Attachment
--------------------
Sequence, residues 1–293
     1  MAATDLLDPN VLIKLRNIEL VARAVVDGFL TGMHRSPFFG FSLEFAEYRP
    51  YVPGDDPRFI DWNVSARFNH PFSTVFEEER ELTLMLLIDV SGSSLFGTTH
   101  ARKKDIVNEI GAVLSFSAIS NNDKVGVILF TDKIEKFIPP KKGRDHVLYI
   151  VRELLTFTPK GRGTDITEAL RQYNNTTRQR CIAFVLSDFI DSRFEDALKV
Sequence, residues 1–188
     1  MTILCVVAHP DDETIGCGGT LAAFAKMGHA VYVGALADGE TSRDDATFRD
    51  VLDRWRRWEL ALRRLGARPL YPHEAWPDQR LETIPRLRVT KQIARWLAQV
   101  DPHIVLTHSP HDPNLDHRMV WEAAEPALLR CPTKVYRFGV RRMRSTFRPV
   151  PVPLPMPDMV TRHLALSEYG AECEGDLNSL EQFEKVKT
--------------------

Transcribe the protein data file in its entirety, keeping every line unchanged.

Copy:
Sequence, residues 1–293
     1  MAATDLLDPN VLIKLRNIEL VARAVVDGFL TGMHRSPFFG FSLEFAEYRP
    51  YVPGDDPRFI DWNVSARFNH PFSTVFEEER ELTLMLLIDV SGSSLFGTTH
   101  ARKKDIVNEI GAVLSFSAIS NNDKVGVILF TDKIEKFIPP KKGRDHVLYI
   151  VRELLTFTPK GRGTDITEAL RQYNNTTRQR CIAFVLSDFI DSRFEDALKV
Sequence, residues 1–188
     1  MTILCVVAHP DDETIGCGGT LAAFAKMGHA VYVGALADGE TSRDDATFRD
    51  VLDRWRRWEL ALRRLGARPL YPHEAWPDQR LETIPRLRVT KQIARWLAQV
   101  DPHIVLTHSP HDPNLDHRMV WEAAEPALLR CPTKVYRFGV RRMRSTFRPV
   151  PVPLPMPDMV TRHLALSEYG AECEGDLNSL EQFEKVKT